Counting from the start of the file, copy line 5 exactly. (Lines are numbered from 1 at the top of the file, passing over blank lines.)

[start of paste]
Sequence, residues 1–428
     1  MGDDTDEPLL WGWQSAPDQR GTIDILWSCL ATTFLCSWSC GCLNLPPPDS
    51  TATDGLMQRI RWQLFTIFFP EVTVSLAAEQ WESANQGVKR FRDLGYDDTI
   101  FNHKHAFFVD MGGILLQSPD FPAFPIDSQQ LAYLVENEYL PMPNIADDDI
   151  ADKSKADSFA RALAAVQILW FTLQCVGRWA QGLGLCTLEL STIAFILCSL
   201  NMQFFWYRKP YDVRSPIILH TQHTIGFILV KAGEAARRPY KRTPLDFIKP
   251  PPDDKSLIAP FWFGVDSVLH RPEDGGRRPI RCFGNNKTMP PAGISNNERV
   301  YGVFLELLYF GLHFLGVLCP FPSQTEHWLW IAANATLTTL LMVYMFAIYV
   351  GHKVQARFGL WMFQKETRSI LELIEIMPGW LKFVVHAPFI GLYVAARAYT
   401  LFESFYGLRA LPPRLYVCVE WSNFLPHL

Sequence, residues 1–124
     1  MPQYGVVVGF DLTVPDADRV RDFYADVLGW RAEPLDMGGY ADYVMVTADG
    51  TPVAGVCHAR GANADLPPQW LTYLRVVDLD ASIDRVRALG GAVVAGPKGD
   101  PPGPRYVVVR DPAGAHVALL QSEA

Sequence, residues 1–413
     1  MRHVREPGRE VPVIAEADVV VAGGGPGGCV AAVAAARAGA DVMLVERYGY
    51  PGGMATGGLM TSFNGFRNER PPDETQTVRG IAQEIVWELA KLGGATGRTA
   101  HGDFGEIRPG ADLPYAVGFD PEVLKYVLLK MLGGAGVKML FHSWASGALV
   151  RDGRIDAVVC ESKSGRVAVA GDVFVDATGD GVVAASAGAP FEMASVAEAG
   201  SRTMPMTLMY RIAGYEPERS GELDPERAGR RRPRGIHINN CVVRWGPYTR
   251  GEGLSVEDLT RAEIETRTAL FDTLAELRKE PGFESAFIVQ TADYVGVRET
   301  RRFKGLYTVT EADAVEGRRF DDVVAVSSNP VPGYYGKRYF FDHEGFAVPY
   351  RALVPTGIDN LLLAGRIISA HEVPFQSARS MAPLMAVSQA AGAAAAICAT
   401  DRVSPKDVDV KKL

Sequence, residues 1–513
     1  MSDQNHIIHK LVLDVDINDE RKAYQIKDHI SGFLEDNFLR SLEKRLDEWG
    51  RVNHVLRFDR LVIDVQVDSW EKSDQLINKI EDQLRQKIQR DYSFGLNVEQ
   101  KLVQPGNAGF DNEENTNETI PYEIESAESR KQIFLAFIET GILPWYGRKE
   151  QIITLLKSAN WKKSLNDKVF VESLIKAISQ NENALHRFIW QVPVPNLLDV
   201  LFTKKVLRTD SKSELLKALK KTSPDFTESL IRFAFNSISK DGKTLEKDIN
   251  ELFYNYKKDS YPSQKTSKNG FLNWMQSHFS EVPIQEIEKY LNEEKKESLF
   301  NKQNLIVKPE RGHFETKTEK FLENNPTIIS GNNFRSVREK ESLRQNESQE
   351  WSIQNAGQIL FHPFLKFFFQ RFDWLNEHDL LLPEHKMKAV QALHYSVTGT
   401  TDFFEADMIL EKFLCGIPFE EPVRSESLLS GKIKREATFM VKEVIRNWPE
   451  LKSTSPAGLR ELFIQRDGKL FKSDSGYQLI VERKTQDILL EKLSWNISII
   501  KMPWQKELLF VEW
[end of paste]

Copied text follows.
   151  ADKSKADSFA RALAAVQILW FTLQCVGRWA QGLGLCTLEL STIAFILCSL